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I am still having problems so I made a very basic main.swf that loads sub.swf.

Sub.swf has 2 rectangle movieclips (red and blue) that have their alpha = 0.

Both swfs compile fine and no errors but the red alpha does not get turned on so the value of "spanish" from main.swf variable must not be getting recognised in sub.swf. Any ideas?

Main.swf actionscript:

import flash.display.Loader;
import flash.display.MovieClip;

var child_loader:Loader = new Loader();

var req:URLRequest = new URLRequest("sub.swf");


child_loader.contentLoaderInfo.addEventListener(Ev ent.COMPLETE, done);

function done(e:Event):void{
    MovieClip(child_loader.content).language = "spanish";

sub.swf actionscript:

import flash.display.Loader;
import flash.display.MovieClip;

function callFunction(_txt:String):void{
    var sublanguage = (MovieClip(parent.parent).language)

    if (sublanguage == "spanish"){
    red.alpha = 1;
    }else if (sublanguage == "english"){
        blue.alpha = 1;
share|improve this question
No, your callFunction should be looking at the txt string that was passed in, _not trying to reach out to the parent. So from the loading class, you'd use YourClass(child_loader.content).callFunction('english'). Note that your code seems to be formatted like timeline code. Did you understand the concept of Document Classes when I posted my answer? –  Amy Blankenship Feb 23 '13 at 2:30

2 Answers 2

The problem is that AS3 is not dynamic in the way AS2 was, so the child document needs to have a property or method that the parent knows is there.

One way to do this is relatively simple:

package {
   public class ChildClass extends MovieClip {
       protected var _property:String;

       public function get property():String {
          return _property;
       public function set property(value:String):void {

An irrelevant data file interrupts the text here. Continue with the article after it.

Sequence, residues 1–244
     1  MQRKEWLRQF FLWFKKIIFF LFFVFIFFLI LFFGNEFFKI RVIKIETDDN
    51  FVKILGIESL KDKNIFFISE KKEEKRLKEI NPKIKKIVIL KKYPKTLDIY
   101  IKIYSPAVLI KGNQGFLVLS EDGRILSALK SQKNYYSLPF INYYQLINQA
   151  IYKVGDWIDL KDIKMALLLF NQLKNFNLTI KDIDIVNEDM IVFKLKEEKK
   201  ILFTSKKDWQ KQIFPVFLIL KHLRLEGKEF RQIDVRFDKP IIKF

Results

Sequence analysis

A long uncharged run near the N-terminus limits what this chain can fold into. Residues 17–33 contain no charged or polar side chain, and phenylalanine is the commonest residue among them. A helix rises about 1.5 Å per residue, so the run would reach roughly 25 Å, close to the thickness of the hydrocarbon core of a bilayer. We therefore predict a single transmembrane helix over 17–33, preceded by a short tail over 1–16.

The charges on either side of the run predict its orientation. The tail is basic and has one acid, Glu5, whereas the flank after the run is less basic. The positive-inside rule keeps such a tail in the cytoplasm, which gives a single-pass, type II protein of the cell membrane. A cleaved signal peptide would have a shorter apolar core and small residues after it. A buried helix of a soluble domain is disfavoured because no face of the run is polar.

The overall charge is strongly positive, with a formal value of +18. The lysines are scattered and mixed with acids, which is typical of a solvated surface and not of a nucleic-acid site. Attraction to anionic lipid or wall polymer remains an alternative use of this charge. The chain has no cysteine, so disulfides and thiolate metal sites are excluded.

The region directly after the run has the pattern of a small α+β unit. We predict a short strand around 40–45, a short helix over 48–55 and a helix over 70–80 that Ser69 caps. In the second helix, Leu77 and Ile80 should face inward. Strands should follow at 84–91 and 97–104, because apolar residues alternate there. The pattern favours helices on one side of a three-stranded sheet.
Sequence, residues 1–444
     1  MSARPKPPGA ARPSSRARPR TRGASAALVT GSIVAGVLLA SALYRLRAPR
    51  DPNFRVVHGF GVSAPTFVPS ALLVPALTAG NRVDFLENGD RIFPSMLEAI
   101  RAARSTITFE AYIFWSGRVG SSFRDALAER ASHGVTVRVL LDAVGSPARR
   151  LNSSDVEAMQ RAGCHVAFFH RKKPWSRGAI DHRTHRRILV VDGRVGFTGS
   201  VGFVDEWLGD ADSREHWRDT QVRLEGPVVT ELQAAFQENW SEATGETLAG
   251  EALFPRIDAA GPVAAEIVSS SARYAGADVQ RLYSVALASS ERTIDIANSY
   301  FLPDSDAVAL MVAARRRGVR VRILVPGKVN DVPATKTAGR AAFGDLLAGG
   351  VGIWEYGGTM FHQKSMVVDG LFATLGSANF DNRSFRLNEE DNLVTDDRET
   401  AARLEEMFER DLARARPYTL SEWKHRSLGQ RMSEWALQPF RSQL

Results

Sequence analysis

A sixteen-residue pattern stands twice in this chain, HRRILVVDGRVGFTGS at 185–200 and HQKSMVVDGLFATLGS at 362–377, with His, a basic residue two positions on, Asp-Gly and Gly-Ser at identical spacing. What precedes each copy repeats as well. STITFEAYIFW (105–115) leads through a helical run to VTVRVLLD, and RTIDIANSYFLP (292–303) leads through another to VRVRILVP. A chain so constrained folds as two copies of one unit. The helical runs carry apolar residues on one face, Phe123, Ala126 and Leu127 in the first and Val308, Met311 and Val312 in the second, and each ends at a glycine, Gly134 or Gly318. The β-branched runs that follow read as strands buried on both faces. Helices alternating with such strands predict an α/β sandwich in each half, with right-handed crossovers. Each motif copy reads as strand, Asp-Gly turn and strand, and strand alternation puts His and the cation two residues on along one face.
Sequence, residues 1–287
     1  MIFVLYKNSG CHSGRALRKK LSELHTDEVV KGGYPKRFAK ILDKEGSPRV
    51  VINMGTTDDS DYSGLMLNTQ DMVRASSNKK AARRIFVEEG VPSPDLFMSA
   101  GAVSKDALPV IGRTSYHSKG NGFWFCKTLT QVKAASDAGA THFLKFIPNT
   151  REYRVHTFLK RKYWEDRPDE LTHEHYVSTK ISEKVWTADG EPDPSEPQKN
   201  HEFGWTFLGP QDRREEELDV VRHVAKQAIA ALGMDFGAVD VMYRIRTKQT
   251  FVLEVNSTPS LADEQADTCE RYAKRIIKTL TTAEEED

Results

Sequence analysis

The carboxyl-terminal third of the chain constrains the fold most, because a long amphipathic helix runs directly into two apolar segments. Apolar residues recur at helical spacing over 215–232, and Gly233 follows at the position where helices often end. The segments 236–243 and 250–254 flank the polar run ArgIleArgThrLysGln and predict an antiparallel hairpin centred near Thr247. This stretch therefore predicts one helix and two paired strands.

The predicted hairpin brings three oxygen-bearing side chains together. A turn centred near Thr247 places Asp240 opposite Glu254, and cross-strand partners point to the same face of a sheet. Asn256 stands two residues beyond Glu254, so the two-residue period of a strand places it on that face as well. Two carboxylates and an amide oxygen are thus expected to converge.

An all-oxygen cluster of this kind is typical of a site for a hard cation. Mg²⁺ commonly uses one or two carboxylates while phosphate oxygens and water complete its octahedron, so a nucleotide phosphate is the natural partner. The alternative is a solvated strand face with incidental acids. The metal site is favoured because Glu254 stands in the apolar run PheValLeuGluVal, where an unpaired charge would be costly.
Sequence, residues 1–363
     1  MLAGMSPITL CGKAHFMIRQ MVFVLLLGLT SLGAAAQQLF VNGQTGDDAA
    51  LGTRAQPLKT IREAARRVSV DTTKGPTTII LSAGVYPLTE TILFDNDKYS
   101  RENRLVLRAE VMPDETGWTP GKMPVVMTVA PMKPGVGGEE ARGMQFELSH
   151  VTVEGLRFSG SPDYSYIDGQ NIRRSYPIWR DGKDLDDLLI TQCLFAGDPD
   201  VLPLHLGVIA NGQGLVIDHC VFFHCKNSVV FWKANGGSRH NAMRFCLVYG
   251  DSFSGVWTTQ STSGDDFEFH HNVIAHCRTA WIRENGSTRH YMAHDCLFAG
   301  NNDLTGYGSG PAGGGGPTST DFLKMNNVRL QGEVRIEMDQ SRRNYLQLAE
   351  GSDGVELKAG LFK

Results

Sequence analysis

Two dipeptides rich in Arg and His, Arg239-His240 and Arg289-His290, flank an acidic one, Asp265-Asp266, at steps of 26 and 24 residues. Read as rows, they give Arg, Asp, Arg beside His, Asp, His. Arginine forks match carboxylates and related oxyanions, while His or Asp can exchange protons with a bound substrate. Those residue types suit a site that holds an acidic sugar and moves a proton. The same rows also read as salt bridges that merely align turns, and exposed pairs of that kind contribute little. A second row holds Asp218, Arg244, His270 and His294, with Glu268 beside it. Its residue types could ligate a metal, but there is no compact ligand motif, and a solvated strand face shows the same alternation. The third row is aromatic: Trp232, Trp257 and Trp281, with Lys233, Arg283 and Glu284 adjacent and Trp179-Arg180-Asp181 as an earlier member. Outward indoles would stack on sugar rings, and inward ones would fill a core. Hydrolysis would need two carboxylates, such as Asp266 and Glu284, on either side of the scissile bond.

if (value != _property) {
              _property = value;
              //do something, because now the property has been set

You'd just apply that as the Document Class to the swf you're loading, and then in your onLoaded function, you'd do something like:

//cast to ChildClass, so you will know you have the property available
var childClass:ChildClass = Loader(event.currentTarget).contentLoaderInfo.content as ChildClass;

//if the variable content is null, the swf had a different Document Class
if (childClass) {
    //now you can set your variable, you're good = 'foo';

Like most things in Actionscript, you can do it the easy way (shown above), or you can do it the right way. The right way is to use an Interface. What an Interface is is the "blueprint" for a Class. In this case, it would need to say that any Class that implements that Interface would always have a property getter and a property setter. You can't just use a variable, because Interfaces only allow functions.

But at any rate, the advantage of using the Interface, especially in your case, is that you will not have to compile in the specific Class associated with the swf that you're loading. Instead, you'd just need to compile in the "contract" for the Class, which is much lighter weight. But because the player won't cast the contentLoaderInfo.content to ISomeInterface unless it fulfills that contract, you can confidently set that property once you have done the casting.

share|improve this answer
+1 for suggestion on interface –  abnvp Feb 20 '13 at 6:22
I have modified my question. Please review again. –  ROUNDPAWS Feb 22 '13 at 2:19

You should be able to set up a function in your child movie that can be called from your parent. You could pass anything you want as an argument.

share|improve this answer
I have modified my question. Please review again. –  ROUNDPAWS Feb 22 '13 at 2:19

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